“Schrems III”? First Thoughts on the EDPB post-Schrems II Recommendations on International Data Transfers (Part 3)

Three Scenarios for the Way Forward (and a Recommendation)

Despite the very short available time, I have tried in Part 1 and Part 2 of this article to carefully review the EEGs and Supplementary Measures guidelines. Based on my review, there are two central conclusions that emerge from the EDPB publications on November 11:

(1) Third countries might rarely if ever meet the EEG requirements. This means that, beyond the 8 sovereign States/12 entities that have the opportunity of benefiting today from an EU adequacy decision, few other countries might be considered as offering a protection “essentially equivalent” to that offered by EU law.

(2) If third countries are not considered as “adequate/essentially equivalent”, then data transfers to them are lawful only if supplemental measures are adopted by the data exporter. The EDPB Guidance seems nonetheless to prohibit almost all such transfers when the personal data is readable in the third country.

Perhaps other commentators will find ways to reach a different conclusion. If not, however, then the implications of the EDPB position in its current writing might be: regular transfers to third countries are almost always unlawful if the personal data can be read in the third country.

As the world cannot suddenly stop moving nor international trade end as a result of Schrems II and the EDPB Recommendations, there are in reality at least three possible scenarios/solutions for the future. There might also exist other scenarios. I will present here only the ones which seem more probable to me. These scenarios are not independent from one another, but could be easily combined. I will end by detailing an important first recommendation in view of the expected update of the guidelines by the EDPB after November 30, 2020.

Scenario 1: The Grey Zone

A first scenario would be for companies to ignore the EDPB guidance or to pretend that they are taking it into consideration for their everyday transactions while in reality hardly doing so.

If one excludes Maximilian Schrems and other activists, data protection lawyers were the happiest people on the planet on July 16, 2020. The EDPB Recommendations may well contribute to their joy. While companies around Europe are mystified as to how to comply with Schrems II and the EDPB guidance, they may reasonably react by paying out hefty legal bills to obtain advice from specialists. Hardly able to contain their joy, some lawyers went on Twitter immediately after the EDPB guidance was announced to claim that “data protection professionals are known for turning impossibles into possibles!”. Maximilian Schrems saw this post, incidentally, and commented ironically, that “these professionals then charge their customers another time when the CJEU says (again and again) that it *was* really impossible…”.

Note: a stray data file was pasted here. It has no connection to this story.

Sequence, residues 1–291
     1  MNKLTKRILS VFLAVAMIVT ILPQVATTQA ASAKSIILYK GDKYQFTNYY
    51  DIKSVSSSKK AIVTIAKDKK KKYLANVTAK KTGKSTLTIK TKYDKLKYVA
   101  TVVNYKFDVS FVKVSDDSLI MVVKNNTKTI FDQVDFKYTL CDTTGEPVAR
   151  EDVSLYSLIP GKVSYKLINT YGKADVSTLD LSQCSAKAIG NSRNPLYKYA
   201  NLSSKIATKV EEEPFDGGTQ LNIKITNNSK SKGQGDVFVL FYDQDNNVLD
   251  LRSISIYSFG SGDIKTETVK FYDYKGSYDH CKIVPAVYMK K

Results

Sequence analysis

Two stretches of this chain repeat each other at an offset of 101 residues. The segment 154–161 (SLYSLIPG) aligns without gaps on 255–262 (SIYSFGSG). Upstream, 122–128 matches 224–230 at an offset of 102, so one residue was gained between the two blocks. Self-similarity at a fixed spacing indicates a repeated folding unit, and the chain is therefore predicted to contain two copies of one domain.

With or without the help of professionals, companies will try to do what they can to keep operating and engaging in international business transactions.

Those in a position to use the technical measures recommended by the EDPB (strong encryption or other techniques that make the data impossible to read for the recipient) will be in full compliance.

The vast majority of companies will find it very difficult to implement such measures. These companies will have three choices:

a) Stop some activities that involve international data transfers or localise data in Europe – a solution that will ensure full compliance with the EDPB requirements, but which could incur substantial costs and disruption.

b) Do nothing and continue operating as usual – a solution that is good for business but that might be fully in breach of the CJEU/EDPB requirements.

c) Try to supplement technical measures with contractual and organizational measures – despite the fact that the EDPB has expressed doubts about whether this might be sufficient.

Companies that are unable to follow solution (a) and are fearful of adopting solution (b) could instead opt emphatically for solution (c). The new SCCs, freshly published by the European Commission, could be used in conjunction with the measures that appear in pages 28-38 of the EDPB Recommendations on Supplementary Measures as well as other potential measures in order to give the impression that they are “compliant” with the post-Schrems II requirements, despite the non-use of encryption/pseudonymization techniques. Furthermore, companies will definitely be tempted to use Article 49 GDPR “derogations” extensively, especially consent (Article 49(1a)) and performance of a contract (Article 49(1c)), despite the fact that the EDPB has mentioned several times (see here, here and para. 24-26 here) that such derogations should only be used in exceptional circumstances and not for regular transfers.